A long time coming

Din Din Aviv discusses her first solo album and how motherhood has changed her outlook on life.

din din aviv 88 (photo credit: )
din din aviv 88
(photo credit: )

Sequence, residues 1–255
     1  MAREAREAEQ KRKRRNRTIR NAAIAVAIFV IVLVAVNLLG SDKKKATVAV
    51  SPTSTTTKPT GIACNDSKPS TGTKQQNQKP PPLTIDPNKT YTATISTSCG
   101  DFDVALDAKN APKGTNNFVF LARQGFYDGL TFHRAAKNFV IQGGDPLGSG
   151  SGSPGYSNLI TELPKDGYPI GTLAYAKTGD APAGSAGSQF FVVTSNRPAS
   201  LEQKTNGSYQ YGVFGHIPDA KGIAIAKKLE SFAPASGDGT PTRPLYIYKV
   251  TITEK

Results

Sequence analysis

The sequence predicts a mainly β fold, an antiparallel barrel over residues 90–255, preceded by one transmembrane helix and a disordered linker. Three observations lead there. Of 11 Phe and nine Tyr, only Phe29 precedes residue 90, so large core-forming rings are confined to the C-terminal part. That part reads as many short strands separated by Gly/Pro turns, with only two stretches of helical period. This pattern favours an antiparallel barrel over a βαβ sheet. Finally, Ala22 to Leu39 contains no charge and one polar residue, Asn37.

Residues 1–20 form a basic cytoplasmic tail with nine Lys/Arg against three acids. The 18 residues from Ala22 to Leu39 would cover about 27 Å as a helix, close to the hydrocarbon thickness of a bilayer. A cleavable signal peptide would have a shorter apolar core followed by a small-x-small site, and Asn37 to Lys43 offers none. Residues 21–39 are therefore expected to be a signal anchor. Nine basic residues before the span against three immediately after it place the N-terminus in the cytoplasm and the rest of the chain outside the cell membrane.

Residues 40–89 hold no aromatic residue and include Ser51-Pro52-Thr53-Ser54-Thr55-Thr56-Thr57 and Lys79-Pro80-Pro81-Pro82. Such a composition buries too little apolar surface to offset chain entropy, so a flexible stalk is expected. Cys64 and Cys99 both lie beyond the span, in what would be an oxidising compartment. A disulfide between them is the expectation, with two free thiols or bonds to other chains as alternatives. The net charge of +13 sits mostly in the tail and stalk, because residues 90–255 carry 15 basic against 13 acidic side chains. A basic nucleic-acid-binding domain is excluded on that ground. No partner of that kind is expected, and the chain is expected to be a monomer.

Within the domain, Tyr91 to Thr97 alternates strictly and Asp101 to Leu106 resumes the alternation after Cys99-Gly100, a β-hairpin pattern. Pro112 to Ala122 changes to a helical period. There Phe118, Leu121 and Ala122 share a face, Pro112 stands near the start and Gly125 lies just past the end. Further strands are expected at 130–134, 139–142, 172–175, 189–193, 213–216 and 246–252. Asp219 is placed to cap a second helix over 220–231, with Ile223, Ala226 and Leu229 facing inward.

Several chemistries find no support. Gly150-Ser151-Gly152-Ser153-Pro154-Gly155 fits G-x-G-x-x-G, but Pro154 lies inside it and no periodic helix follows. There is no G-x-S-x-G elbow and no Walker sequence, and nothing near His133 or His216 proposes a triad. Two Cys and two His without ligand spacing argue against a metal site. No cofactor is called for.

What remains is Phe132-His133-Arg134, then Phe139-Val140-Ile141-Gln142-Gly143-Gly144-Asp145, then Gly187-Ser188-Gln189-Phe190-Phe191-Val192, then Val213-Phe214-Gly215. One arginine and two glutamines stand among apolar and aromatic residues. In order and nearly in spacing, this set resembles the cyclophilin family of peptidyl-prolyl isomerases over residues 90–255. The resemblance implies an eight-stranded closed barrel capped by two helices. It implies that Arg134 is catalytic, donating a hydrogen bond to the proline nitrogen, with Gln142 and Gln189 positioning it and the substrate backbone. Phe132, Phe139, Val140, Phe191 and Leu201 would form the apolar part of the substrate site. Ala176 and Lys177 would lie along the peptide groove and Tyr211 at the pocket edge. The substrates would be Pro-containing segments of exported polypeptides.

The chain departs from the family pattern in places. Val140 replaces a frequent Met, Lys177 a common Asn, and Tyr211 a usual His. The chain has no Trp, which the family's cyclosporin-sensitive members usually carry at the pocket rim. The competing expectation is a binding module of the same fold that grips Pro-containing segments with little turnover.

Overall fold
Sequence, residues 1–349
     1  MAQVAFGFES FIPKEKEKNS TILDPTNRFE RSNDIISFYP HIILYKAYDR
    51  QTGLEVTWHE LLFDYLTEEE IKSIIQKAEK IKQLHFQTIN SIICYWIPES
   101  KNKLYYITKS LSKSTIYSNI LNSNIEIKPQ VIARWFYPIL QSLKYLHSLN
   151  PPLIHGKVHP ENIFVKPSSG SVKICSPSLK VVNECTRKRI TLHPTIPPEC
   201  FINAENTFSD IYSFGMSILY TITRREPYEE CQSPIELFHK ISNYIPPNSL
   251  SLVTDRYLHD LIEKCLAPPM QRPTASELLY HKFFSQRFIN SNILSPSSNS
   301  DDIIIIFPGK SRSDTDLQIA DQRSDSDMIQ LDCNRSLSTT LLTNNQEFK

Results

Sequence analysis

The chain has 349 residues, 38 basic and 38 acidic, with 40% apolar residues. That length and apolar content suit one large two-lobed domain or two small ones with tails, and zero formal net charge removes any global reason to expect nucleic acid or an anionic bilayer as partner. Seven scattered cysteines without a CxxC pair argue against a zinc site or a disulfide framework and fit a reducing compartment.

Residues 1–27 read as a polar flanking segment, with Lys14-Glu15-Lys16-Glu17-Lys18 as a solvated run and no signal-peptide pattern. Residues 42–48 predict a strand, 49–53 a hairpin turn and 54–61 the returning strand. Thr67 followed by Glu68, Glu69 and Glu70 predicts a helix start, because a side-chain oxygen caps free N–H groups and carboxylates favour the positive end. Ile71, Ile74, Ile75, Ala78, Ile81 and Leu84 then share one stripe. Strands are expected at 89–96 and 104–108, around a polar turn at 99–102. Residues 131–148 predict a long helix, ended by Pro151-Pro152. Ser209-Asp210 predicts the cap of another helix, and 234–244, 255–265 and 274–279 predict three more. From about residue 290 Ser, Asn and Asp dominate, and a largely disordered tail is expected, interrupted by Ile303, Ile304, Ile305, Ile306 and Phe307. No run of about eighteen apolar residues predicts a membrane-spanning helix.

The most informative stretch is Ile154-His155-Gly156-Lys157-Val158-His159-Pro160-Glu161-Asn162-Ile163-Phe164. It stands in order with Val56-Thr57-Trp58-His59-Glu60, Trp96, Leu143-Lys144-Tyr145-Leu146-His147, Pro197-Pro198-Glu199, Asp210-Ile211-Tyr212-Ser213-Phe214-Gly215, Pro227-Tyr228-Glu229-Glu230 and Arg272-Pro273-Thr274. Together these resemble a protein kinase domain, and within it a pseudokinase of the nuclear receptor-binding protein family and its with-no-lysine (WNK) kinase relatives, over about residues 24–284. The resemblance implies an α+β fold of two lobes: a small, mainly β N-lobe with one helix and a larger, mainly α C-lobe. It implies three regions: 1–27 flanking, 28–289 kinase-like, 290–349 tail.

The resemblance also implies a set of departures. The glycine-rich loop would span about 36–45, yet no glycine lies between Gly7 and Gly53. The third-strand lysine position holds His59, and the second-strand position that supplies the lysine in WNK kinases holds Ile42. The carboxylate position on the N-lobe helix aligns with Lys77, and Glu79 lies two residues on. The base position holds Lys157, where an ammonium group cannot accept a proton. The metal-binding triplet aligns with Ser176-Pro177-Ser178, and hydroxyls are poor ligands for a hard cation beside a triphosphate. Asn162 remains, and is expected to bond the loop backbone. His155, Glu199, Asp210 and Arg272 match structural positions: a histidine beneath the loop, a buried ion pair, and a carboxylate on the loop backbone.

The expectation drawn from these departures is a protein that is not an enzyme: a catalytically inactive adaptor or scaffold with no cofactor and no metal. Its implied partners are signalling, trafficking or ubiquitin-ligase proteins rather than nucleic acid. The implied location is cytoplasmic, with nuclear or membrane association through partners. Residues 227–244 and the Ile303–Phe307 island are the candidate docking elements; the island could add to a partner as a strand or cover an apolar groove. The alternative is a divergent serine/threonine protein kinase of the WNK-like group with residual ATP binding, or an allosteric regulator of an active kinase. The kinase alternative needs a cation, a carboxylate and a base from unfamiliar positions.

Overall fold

There was never any doubt in Din Din Aviv's mind about her choice of career. Now in her early thirties, she kicked off her singing career a full three decades ago. "I started performing at weddings with my mother [singer Aliza Aviv] when I was three years old," she says. "I've been through a lot since then." Indeed she has. Her CV to date includes an appearance at the national children's Shirovision song contest with her parents at the ripe old age of six. She then followed the well-trodden route of performing in teenage bands and army troupes before coming to national notice with the highly successful New Age band Gaia. Her media profile rose even higher as a member of The Idan Reichel Project, and now, at long last, she has released a debut album under her own name. (See review below.) "Yes, it has been a long time coming," admits Aviv. "I had a journey to take before I got to this stage. I've enjoyed the work I've done to get this far. I've had a lot to learn." There was also the small matter of self-esteem. "I suppose I never really knew when to say 'It's my turn now'. It's taken me a while to feel comfortable about taking responsibility for the material in an album of my own." Becoming a parent has also been part of that learning curve. Now mother to 11-month-old Eden, giving birth and being completely responsible for someone else's life has helped Aviv along her path to self-discovery. "I think having a baby has also allowed me to separate from my mother. I love her dearly but I think all women who become mothers themselves go through this. I had to learn to leave the nest and stand on my own two feet. Being a mother has brought its own lessons and wisdoms with it." Throughout most of her adult musical life, Aviv has been an integral part of the emerging Israeli New Age scene. Besides working with Gaia, she is friends with members of seminal local New Age band Sheva. Sheva's (now solo) vocalist-guitarist Mosh Ben-Ari is a prominent influence in the new CD. "Mosh sings on the album and wrote one of the songs ["Halomot, (Dreams)"]. We come from the same places, musically and otherwise. We all come from rock and ethnic music, east and west. We're tuned into the same energy frequency. That comes out in the music too." The first single, "Sodotai (My Secrets)", was released just a couple of weeks ago and is gaining a generous amount of radio airtime. "I like 'Sodotai' a lot," says Aviv. "It talks about my quest, my searching and learning. I don't talk about exactly where I'm coming from on the album. It's more about the actual path." But there is some social comment in there too. "I try to put across the idea of looking inside ourselves, looking at who we are instead of rushing around like crazy the whole time. I'd be happy if the record encouraged other people to do the same. There is a song by [singer-songwriter] Leah Shabbat on the album called "Kol Halayla (All Night)" that says 'The family is the most important thing, and let's live to 120'. I'd really like to believe in that, and live that." Still, the New Age shanti (peace, unity, tranquility) scene is no longer "the latest thing". People have become accustomed to festivals such as Shantipi and Beresheet, with their alternative ethos - so one may be forgiven for wondering whether the self-seeking thing is little more than a marketing ploy. "I've been asked that before," Aviv says. "But, you know what, even if it is fake, even if a person doesn't fully believe in shanti and the spiritual path, if you do it enough it eventually becomes real for you. They say 'fake it till you make it'. It works. If we choose to speak the truth, and take responsibility for it, it becomes real. That's what "Sodotai (My Secrets)" is about. That's my secret."